Physiatrists are Resilient

Members & Publications


February 27, 2020

The following article, written by Ai Mukai, MD, FAAPMR, was originally featured in the February issue of The Physiatristyour AAPM&R member newsletter mailed to you monthly.

As we go into 2020, the plenary talk by Bonnie St. John at the Annual Assembly made me think more deeply about the topic of burnout, wellness, and resilience. Being involved in resident education, the topics of burnout and wellness come up frequently. Residency programs across the country try to address this issue by limiting work hours, reducing non-educational "scut-work," and providing opportunities for wellness retreats/events and promoting social interactions within the programs.


But what about us practicing physicians? Who is looking at our work hours, "scut-work" (i.e., peer-to-peer phone calls, paperwork, appeals of denials, etc.) and wellness? I have discussed the topic of burnout in previous editorials -- and I can identify the frustration and the feeling of loss of control in some of the posts on the PhyzForum. We have to adapt to changes that are forced upon us by external factors all the time -- whether it be a new regulation or mandate from the government, insurance payors or hospital administrators.

We worry about the security of our jobs and being replaced by mid-levels, by those who do not understand the difference in training and knowledge base between physicians and non-physicians. We worry about our income stream decreasing as "reimbursement" is cut every year. We are yelled at by angry patients and family members who do not want to hear our professional medical opinion. Frequently, we have to deliver bad news that devastates a family. All of the above added to the burden of maintaining and nurturing your family relationships and schedule can be enough to cause serious burnout.

When I first started practicing, I would notice those feelings of stress and burnout every few months and take a vacation or a short break 2-3 times a year. Recently, I have been noticing that those breaks were not sustaining me and that although I enjoy vacations, I frequently do not feel rejuvenated and ready to work when I return. When I heard about micro-resilience, this all started to make sense to me. I realized that I was experiencing daily stress and bad mood and I was having a harder time "recovering" from that triggering event, be it a bad interaction with a patient, a negative patient review, a denial notice from the insurance company, or a difficult conversation with staff. I felt like some of my patients were sucking my energy and I would frequently feel fatigued and worn out by the end of clinic, only to repeat again in the afternoon and the next day. Bonnie St. John used the analogy of falling during a ski run, and how fast you are able to get back up determining ultimately how you perform in the race. I was taking longer and longer to get up and losing my motivation and energy. 

I wish I could tell you that I have found some secret formula for combating this or improving my micro-resilience. I am certainly still a work in progress; however, being aware of my own mood and reactions to situations have helped to at least frame my perspective.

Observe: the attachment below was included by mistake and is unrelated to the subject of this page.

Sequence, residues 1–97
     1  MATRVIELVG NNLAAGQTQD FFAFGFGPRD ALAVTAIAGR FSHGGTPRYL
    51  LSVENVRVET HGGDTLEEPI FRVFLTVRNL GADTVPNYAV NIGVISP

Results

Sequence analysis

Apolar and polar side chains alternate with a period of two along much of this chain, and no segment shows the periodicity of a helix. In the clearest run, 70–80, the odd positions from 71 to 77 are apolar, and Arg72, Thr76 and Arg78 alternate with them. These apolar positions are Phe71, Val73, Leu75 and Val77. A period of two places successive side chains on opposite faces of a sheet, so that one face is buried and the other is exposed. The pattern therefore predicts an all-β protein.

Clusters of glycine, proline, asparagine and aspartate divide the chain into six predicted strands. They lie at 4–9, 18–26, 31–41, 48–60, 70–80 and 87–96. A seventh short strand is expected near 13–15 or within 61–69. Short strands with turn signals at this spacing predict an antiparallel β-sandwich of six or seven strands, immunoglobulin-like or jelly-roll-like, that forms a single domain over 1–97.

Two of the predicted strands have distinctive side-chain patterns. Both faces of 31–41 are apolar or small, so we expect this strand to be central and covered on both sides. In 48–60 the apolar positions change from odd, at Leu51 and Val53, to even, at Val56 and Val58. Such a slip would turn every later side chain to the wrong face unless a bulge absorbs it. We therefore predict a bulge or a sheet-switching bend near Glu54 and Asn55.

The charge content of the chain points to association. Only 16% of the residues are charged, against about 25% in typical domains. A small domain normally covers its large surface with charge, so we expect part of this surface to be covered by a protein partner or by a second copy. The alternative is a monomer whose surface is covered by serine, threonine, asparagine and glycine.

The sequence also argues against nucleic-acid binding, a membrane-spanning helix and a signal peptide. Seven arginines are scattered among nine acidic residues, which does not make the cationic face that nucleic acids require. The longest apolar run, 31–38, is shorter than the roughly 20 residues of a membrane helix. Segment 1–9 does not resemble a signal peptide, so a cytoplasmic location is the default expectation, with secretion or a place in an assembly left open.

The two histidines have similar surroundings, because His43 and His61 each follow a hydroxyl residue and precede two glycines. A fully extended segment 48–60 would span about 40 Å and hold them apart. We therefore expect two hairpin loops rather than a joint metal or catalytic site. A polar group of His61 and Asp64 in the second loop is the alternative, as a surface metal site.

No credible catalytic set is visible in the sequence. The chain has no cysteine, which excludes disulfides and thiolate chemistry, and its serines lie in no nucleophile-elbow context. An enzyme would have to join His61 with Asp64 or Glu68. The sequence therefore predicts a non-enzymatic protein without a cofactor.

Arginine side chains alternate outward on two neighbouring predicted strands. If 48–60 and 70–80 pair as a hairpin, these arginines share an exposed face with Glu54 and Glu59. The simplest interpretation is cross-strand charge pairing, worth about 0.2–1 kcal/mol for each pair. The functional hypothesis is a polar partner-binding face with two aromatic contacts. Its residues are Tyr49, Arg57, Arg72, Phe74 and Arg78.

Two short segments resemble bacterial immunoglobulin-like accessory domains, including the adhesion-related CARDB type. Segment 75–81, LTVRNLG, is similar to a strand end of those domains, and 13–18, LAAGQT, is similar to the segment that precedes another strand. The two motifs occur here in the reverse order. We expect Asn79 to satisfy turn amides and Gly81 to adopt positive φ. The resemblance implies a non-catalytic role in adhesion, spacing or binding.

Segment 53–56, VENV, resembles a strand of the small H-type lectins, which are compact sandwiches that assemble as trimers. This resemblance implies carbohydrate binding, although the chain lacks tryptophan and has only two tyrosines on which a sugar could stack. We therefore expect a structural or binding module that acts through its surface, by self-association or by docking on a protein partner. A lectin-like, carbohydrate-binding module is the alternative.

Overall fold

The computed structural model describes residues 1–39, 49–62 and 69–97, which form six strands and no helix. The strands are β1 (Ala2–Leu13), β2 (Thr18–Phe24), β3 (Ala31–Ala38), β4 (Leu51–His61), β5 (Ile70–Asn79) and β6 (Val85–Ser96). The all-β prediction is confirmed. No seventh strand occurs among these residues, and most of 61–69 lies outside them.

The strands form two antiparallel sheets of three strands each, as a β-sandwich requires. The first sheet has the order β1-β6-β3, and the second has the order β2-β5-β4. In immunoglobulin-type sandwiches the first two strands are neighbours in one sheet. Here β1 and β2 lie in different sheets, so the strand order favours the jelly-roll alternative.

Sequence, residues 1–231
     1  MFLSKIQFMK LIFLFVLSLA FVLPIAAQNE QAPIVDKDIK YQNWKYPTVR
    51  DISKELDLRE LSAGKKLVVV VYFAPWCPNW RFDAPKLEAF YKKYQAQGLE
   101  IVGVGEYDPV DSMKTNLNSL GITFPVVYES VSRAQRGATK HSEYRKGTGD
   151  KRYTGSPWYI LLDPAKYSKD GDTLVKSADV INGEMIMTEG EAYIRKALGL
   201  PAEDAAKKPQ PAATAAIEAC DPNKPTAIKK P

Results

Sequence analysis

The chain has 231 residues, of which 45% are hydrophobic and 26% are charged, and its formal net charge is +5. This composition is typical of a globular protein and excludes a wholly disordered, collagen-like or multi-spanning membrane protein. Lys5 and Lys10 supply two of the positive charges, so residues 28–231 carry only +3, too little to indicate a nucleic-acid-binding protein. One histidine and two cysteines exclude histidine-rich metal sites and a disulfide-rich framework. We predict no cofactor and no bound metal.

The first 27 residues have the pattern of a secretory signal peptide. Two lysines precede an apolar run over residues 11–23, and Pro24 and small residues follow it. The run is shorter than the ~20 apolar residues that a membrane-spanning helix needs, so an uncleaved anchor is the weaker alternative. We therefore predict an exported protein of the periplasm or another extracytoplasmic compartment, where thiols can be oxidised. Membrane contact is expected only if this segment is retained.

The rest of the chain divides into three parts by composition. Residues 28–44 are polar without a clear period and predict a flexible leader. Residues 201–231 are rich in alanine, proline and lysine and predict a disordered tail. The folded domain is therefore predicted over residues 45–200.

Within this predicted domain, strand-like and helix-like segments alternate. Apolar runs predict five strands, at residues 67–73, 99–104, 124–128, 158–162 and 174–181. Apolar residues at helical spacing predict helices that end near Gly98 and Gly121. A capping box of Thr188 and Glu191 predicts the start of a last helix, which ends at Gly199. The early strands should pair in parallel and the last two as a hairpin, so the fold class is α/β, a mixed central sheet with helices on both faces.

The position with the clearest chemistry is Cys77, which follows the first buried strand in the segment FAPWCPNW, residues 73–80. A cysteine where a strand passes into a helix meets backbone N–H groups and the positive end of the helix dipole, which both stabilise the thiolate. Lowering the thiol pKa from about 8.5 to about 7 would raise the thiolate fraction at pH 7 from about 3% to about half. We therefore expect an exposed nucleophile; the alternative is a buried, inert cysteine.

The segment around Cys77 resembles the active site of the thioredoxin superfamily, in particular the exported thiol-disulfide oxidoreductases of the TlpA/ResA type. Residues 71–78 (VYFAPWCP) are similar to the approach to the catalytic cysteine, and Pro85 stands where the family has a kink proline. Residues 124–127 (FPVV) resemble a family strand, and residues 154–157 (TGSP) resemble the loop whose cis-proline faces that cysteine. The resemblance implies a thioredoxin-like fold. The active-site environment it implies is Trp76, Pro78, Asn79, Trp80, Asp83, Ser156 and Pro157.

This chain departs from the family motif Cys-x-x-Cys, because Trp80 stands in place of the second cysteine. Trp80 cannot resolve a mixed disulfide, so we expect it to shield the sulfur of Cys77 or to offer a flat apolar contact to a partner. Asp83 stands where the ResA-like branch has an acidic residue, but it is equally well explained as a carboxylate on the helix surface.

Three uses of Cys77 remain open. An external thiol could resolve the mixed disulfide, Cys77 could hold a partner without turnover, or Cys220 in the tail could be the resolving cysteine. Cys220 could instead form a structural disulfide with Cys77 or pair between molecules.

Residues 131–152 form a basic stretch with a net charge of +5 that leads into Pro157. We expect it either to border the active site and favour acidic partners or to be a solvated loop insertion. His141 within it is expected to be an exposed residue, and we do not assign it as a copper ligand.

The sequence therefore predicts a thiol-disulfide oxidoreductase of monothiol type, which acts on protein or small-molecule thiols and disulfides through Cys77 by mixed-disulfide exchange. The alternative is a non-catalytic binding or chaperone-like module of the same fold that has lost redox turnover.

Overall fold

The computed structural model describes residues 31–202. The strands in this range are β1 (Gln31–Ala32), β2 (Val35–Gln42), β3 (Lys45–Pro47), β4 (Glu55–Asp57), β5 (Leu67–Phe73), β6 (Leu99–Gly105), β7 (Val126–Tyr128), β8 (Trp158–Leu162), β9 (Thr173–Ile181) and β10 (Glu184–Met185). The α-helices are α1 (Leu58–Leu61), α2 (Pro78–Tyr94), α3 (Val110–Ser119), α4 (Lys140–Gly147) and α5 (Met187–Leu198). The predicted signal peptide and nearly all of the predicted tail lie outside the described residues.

My patient gave me an aromatherapy sniffer that I can carry around. If I am driving between locations, I listen to my favorite music or listen to an audiobook. I look at the home screen on my phone to see a photo of my children and also have them pinned to my desk. I have also started examining what consumes my time and making choices about keeping things that mean a lot to me or make me feel happy and letting go of things that are not positive. I have always recognized that true friends are rare and I have many acquaintances but looking back at my communication with people I can identify the ones that only text or call when they want something. I also had people in my life that always seemed to instigate drama. Those people now no longer get my immediate response or attention. I have started "silencing" my phone after a certain time. I have decreased my social media use and also have come to recognize the "façade of perfection or happiness" that is created in the virtual world by Instagramers and social media posters.

I decided to find small things that bring me joy. For example, I have started playing the piano again. I am taking an online photography course. I work out with a personal trainer every week. I'm reading books about topics that interest me -- like female leadership and negotiation tactics, how to raise healthy children, etc. I take weekly Sunday morning walks with my friend who is also a physician so we can vent and get exercise at the same time. I would love to know what you all have found to be helpful in your lives! I'm grateful to the Academy for inviting such inspiring speakers and allowing opportunities like the PhyzTalks to hear from our amazing members!

Learn more about how you can combat burnout with our Physician Burnout and Wellness Toolkit.

Do you have a story/perspective that you want to share with the PM&R community? Submit it to

Legislation Introduced to Alleviate Impact of Conversion Factor Cut for 2021

Nov 09, 2020

Last month, two bills were introduced in the House proposing solutions to the estimated 10.6% Physician Fee Schedule conversion factor cut expected to go into effect January 1, 2021.  The bills offer some relief to the cut, but do not reflect a comprehensive or long-term solution.  AAPM&R has therefore chosen to remain neutral regarding these bills. 

Your Academy continues to advocate for a permanent solution to the conversion factor cut while maintaining the important payment increases to office and outpatient evaluation and management services.